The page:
A secured card works much like a traditional unsecured credit card, with one notable difference. When you take out a secured credit card, you must provide a deposit to the bank or financial institution issuing your card. That deposit acts as your card’s credit limit. If you stop making your payments, the bank behind your card can pay itself back by drawing on this deposit.
“That really is the best option for newcomers to the country to build credit,” Petrova said. “A secured card is limited. Your credit limit will usually be smaller. But it is a good way to slowly build your credit.”
Ty Stewart, CEO and president of Simple Life Insure in La Jolla, California, agrees that secured credit cards are often a good choice for immigrants. Since issuers have your deposit as insurance, they risk less when they approve you for a credit card.
“Criteria for these differ from traditional cards and often don’t require a long credit history,” Stewart says. “The model makes the approval rate on secured cards much higher.”
Andrew Latham, certified personal finance counselor and editor at SuperMoney.com, has firsthand experience navigating the U.S. credit system as an immigrant.
“It’s a Catch-22 situation,” he said. “You need credit to build your credit history, but you need a credit history to get credit.”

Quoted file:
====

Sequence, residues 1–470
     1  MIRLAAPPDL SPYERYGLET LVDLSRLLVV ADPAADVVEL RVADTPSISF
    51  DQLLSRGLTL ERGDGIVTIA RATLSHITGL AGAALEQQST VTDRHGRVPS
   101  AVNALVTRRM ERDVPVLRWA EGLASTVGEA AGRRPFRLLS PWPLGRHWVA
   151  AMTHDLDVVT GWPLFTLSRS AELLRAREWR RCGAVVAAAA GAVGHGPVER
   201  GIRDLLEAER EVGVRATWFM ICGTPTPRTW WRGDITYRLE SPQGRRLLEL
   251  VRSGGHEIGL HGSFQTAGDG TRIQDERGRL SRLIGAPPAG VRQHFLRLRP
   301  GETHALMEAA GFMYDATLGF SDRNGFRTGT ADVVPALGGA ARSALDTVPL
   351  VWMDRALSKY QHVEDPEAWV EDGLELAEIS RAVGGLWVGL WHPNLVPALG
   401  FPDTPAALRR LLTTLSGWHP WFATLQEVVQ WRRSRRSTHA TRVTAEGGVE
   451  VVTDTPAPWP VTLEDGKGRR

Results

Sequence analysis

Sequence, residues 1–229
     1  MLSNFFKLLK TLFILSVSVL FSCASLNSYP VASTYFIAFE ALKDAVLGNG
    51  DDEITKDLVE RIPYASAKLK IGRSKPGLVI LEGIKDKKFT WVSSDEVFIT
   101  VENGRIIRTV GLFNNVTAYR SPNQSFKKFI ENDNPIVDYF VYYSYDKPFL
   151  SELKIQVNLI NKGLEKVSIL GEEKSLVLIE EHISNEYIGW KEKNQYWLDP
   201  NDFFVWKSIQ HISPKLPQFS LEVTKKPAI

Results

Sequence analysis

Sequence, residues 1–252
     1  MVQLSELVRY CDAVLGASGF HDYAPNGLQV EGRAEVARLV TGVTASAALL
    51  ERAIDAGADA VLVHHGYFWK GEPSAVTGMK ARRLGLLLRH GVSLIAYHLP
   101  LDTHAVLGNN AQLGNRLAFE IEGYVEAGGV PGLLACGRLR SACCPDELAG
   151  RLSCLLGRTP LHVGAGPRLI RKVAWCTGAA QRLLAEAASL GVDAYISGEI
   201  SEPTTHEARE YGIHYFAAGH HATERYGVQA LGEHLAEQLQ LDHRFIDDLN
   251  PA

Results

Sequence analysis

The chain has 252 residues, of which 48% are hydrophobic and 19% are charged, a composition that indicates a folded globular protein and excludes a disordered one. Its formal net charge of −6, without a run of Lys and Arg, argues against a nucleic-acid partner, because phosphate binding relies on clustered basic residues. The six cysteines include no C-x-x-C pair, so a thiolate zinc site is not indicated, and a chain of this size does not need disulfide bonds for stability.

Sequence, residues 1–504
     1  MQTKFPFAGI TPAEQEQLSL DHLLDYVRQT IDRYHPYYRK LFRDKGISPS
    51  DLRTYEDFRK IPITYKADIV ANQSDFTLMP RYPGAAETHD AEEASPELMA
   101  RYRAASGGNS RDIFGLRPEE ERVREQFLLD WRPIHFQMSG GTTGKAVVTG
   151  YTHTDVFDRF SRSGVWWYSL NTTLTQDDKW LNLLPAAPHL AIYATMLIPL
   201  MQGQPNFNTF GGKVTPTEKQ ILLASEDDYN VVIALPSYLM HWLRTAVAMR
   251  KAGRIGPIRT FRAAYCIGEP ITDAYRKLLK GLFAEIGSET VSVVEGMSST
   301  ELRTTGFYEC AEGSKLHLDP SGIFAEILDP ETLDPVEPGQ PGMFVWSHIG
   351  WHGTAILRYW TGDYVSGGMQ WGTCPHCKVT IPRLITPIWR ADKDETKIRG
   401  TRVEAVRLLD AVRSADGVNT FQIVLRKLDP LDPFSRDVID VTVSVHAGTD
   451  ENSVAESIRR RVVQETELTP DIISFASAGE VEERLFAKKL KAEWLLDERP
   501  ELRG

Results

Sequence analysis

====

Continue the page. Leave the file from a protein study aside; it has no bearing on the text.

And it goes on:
Latham didn’t qualify for any credit cards when he moved to the U.S. after spending most of his life in Spain and Nicaragua. He eventually applied for a secured credit card and qualified for one with a $200 line of credit. That wasn’t much spending power, but within six months, his credit score had risen enough to qualify for a no-frills unsecured card. After using this card to continue building his score, Latham chose a credit card with an expanded rewards program.
Other cards designed for credit building
But there are still some options to build a credit history without a secured card. Credit cards like the Petal® 2 “Cash Back, No Fees” Visa® Credit Card are designed to help applicants with no credit history build one without a deposit. And you don’t need an SSN to qualify.
The Petal card is designed to help people build their credit history. It accepts applications from customers with permanent residence in the U.S., an SSN or an ITIN. You must also be at least 18 years old (or at least 19 if you live in Alabama or Nebraska).
“Petal was created to help people get access to a high-quality credit card even if they don’t have a credit score,” Jason Gross, Petal’s CEO and co-founder, said. “This includes those who’ve yet to build credit in the United States but who are otherwise creditworthy.”
Unlike most cards designed for credit building, the Petal 2 Card offers cash back rewards. Cardholders will immediately qualify for 1% cash back on eligible purchases. But as you develop a history of making on-time monthly payments, that cash-back bonus will eventually reach up to 1.5% (after making 12 on-time monthly payments).
It is possible to get a credit card without an SSN, and you have different options depending on your situation. But whichever card you choose, it’s important to start building a credit history as soon as possible since it comprises 15% of your U.S. credit score.